Elementary school is also a perfect time to celebrate curiosity. As younger children explore the world around them, start to learn academic concepts, and try their hand at new skills, they're preparing themselves to continually expand their horizons. In order to best prepare for middle school and beyond, they should be challenged in new ways, pushed to try various skills and activities, and taught to approach mistakes or failures as learning opportunities for next time.
Growth Mindset in Middle School
During their middle school years, students can begin grappling with more complexity and challenges in terms of their growth mindset. At The Hun School of Princeton, we encourage our middle school students to excel through programs like The Hun Way. This eight-day orientation course helps students to grow personally, socially, and academically through communication, leadership skills, and emotional recognition and regulation. Hun middle school students are also introduced to the concept of a growth mindset through a strength-based Positive Education Program.
As our students enter their pivotal adolescent years, we take careful measures to ensure that we're fostering not only academic success but also emotional intelligence. To help students become well-rounded and truly successful future leaders, we know it's crucial to help them develop strong relational skills and emotional coping skills. There's no better time to truly dive into this lesson than during their formative middle school education.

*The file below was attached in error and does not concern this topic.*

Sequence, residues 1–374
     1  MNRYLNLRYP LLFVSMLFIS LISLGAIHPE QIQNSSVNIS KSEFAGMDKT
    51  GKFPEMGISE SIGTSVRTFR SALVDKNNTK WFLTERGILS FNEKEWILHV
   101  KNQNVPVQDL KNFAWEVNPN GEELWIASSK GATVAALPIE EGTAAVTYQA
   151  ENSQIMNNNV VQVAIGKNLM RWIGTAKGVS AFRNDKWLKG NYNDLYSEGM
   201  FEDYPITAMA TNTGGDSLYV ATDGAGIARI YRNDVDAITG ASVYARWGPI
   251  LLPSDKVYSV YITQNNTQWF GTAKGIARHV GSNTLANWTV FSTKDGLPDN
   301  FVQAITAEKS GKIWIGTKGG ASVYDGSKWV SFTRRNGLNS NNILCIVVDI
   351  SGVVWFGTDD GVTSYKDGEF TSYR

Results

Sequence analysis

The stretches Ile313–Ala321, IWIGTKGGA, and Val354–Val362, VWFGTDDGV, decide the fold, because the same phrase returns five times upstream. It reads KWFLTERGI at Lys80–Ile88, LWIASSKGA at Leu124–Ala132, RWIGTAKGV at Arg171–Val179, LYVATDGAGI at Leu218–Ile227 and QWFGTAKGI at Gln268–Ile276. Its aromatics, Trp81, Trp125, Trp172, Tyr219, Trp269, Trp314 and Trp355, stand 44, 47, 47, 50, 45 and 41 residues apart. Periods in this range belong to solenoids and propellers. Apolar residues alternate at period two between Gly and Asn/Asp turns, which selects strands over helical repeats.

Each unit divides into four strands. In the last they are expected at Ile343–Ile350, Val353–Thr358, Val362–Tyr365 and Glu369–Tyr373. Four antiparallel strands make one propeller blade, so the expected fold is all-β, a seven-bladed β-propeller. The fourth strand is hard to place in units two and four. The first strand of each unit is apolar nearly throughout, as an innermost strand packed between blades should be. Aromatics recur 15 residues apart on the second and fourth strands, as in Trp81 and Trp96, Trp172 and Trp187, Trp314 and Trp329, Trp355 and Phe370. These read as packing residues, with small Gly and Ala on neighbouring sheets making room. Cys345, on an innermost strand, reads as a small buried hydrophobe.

Growth Mindset in High School
A student's high school years provide the ideal time to taking a growth mindset one step further. As they've learned throughout their career to believe in an "I can" attitude and creatively solve their problems, they're now at the crossroads for their future. As students grapple with the inevitable question of what comes next, teachers can continue to develop a lifelong learning approach to help students find answers for themselves.
At Hun, we challenge our upper-school students to continually grow through mandatory participation, both in the classroom and out. They are pushed to engage in class discussions and contribute their voices, creating a sense that everyone's perspectives are welcomed. Perfection is not the goal — participation is.
After-school activities, from student government and theater arts to sports and campus clubs, continue to develop an attitude of constant learning. Students try new hobbies and approach unknown activities with the understanding that they will improve over time, and that dedication to their chosen craft is the biggest contributor to their improvement.
Help Your Child Find Their Growth Mindset at Hun
The Hun School of Princeton in New Jersey is known to be a place where students are challenged, encouraged, and invigorated.
With access to a plethora of stimulating activities and interests, vigorous academics, and a community of private day and boarding students, your child will have ample opportunities to grow throughout their education.
We are a campus of educators and students who love to work toward goals, overcome obstacles, and learn together. If you're interested in learning more, simply fill out an inquiry form or schedule a visit to our campus today.